Other than the fact that my brief research tells me the latter will return a collection rather than a a single element with the ID passed.

Consider the following code:

function validateAllFields()
var clientid = document.getElementById("clientid");
var programs = document.getElementById("programs");
var startmonth = document.getElementById("startmonth");
var startday = document.getElementById("startday");
var startyear = document.getElementById("startyear");
var completed = document.getElementsByName("completed");
var goals = document.getElementsByName("goals");
var errors = document.getElementById("errorMsg");
errors.innerHTML = "";

if(isNumeric(clientid, errors, "Please enter a valid client ID")){
    if(madeSelection(programs, errors, "Please select a program from the drop-down list")){
        if(madeSelection(startmonth, errors, "Please enter a month for the start date")){
            if(madeSelection(startday, errors, "Please enter a day for the start date")){
                if(madeSelection(startyear, errors, "Please enter a year for the start date")){
                    if(checked(completed, errors, "Please choose an option that indicate whether the client has completed the program")){
                        if(checked(goals, errors, "Please choose an option that indicate whether the client has met his/her goals.")){
                            window.alert("GOT IN TO  RETURN TRUE");
                            return true;
return false;

The above code works perfectly after placing it in the onsubmit handler of the form. However, earlier, for the elements (programs, startmonth, startday, startyear) I was using getElementsByName(), the following happened:

  1. The code seems to get to the second line of the if blocks "if(madeSelection(programs...." and it displayed the error msg via innerHTML for a brief second and
  2. Proceeded to submit the form AS IF the JS had indeed returned true. As you can tell, there is a popup alert right before returning true and the popup DID NOT show up at all.
  3. Bad data was submitted to my test database because the form had not been validated. (yet to write server-side validation with this form, but I will).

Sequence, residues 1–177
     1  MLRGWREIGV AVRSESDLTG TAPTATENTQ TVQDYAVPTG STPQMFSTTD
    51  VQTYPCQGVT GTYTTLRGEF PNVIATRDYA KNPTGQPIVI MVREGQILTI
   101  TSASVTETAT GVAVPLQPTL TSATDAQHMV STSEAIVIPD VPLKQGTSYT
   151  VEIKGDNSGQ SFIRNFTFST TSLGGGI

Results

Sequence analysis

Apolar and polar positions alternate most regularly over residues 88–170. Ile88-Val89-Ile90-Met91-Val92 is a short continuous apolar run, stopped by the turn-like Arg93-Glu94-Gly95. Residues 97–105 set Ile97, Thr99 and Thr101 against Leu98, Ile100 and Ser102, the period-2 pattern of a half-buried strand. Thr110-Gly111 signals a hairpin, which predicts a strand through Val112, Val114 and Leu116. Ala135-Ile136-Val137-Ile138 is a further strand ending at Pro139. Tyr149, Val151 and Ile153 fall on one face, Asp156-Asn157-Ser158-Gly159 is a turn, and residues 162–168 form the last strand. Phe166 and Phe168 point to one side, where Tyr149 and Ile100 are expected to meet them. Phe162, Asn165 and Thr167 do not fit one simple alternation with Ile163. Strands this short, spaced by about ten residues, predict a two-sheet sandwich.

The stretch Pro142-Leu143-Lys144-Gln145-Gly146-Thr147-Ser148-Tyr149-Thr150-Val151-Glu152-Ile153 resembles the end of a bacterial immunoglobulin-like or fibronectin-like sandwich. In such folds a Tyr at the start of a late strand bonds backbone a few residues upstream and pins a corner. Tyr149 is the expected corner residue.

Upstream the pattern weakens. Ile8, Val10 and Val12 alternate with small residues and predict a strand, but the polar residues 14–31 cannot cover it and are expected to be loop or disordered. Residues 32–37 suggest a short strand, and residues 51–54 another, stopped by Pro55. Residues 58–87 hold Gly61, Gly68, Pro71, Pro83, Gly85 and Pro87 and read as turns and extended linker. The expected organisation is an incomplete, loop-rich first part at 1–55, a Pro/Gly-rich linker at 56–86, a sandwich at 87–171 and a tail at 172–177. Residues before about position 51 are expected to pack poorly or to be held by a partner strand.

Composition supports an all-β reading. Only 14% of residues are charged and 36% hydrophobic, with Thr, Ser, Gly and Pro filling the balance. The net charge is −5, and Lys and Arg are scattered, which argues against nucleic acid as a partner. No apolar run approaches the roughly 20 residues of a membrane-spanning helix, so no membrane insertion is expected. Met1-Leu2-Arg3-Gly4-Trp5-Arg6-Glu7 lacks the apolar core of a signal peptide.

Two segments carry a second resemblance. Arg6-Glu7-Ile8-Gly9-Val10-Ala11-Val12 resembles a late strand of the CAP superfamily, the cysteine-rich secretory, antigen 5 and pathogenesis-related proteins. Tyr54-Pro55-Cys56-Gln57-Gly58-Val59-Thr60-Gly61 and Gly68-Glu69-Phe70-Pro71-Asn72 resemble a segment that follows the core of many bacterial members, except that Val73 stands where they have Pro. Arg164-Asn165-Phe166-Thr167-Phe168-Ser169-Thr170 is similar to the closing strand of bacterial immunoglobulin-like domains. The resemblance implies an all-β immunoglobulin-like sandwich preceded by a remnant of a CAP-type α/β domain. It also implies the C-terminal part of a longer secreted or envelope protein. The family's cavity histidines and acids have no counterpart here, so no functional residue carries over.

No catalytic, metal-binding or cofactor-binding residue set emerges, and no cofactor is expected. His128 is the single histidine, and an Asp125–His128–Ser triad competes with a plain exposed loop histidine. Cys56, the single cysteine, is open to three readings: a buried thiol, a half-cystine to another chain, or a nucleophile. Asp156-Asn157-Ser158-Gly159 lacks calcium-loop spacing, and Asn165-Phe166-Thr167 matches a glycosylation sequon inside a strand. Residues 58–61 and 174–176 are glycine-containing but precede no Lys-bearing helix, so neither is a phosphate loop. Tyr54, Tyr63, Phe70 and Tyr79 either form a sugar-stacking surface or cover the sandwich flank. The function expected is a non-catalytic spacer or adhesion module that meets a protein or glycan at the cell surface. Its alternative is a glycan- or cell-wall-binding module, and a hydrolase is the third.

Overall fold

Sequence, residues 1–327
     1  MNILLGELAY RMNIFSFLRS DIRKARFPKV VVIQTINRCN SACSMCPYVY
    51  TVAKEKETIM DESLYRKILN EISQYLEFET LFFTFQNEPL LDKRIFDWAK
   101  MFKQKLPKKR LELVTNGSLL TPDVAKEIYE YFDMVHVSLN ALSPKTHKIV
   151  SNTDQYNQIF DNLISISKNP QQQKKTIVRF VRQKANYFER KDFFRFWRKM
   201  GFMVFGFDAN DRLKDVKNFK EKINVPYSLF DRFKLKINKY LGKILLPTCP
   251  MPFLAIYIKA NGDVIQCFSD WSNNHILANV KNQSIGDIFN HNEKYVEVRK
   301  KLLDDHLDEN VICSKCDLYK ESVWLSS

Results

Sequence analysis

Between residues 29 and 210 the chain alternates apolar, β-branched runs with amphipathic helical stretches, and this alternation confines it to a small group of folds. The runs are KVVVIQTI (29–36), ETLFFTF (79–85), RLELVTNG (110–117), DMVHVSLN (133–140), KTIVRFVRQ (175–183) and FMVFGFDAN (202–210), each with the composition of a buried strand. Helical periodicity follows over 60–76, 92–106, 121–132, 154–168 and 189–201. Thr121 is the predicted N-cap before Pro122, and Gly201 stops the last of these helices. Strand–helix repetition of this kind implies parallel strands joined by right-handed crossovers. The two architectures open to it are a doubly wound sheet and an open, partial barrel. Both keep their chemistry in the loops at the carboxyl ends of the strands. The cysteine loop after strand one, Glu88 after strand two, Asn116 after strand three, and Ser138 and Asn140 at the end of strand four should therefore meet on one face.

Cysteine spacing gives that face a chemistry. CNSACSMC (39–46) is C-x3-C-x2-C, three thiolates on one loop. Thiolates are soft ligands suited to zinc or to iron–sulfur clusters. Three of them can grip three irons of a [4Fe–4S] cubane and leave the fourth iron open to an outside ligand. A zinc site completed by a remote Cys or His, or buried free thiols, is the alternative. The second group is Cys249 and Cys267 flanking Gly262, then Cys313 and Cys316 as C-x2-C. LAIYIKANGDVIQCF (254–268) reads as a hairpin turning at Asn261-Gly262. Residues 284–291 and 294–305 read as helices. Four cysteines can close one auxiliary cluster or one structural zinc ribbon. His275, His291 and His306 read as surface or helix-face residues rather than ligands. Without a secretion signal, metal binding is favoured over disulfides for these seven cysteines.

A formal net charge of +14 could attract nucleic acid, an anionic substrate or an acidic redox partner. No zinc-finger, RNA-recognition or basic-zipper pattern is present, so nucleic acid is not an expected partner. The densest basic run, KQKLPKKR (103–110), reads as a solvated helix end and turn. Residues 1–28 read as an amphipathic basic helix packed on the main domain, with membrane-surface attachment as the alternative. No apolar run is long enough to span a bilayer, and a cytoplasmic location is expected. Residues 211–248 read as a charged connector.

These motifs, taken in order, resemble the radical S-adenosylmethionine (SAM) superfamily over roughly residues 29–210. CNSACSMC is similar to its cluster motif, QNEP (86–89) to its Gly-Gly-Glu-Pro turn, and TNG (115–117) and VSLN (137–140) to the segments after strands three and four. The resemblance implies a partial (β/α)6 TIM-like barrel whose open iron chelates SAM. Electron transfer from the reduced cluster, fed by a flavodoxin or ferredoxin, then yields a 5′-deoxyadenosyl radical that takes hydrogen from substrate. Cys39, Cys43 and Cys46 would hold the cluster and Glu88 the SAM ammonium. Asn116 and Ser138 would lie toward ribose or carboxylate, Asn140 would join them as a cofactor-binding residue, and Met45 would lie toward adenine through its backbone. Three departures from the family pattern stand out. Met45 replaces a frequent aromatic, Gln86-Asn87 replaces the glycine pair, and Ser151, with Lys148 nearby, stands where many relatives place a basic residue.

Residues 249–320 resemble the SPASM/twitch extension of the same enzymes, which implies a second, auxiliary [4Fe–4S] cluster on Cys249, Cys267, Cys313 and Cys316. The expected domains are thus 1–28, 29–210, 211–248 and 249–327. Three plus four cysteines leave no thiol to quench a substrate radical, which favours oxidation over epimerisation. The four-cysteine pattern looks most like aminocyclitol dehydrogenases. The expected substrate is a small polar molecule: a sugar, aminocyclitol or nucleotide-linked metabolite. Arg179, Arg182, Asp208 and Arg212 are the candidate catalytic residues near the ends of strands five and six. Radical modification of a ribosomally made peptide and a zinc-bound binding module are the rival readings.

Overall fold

please assume the elements programs, startmonth, startday, and startyear are drop-down lists with the same id and name attributes.

Also, the madeSelection function is given as:

function madeSelection(element, error, msg) {
if (element[0].value == "none" || element[0].valueOf == "none" || element[0].value == "") {
    error.innerHTML = msg;
    return false;
} else {
    return true;

My code does work right now after I changed those elements to be using getElementById(), I was just wondering why getElementsByName presented such behavior.

  • do you mean getElementsByTagName()? – kinakuta Jun 15 '11 at 0:04
  • 1
    @kinakuta - no, he doesn't: w3schools.com/jsref/met_doc_getelementsbyname.asp – Mark Kahn Jun 15 '11 at 0:08
  • 2
    Your code is a mess with all that indentation. Consider returning false after each detected error and returning true in the end if there were no errors. – Zecc Jun 15 '11 at 0:15

The GetElementsByName method returns an array, and when you tried to call element.focus() you got an error because there is no focus method on an array. When you get an error in the event handler it won't prevent the form from posting.

If you use GetElementById you should use element to access the element, and if you use GetElementsByName you should use element[0].

<input type="text" name="foo" id="bar">
                   ^^^^       ^^

getElementsByName gets elements by their name, getElementById gets the element by its id. There may be many elements on a page with the same name (hence getElementsByName always returns a list of elements), but there is (must) only be one element with a given id (therefore getElementById only returns a single element).

  • 1
    Probably worth mentioning an IE quirk too - if you use getElementByID("a_name") it'll return the element by name if the ID doesn't exist. In other browsers it will fail so can be an odd debugging experience. – Stuart Brock Nov 22 '16 at 17:02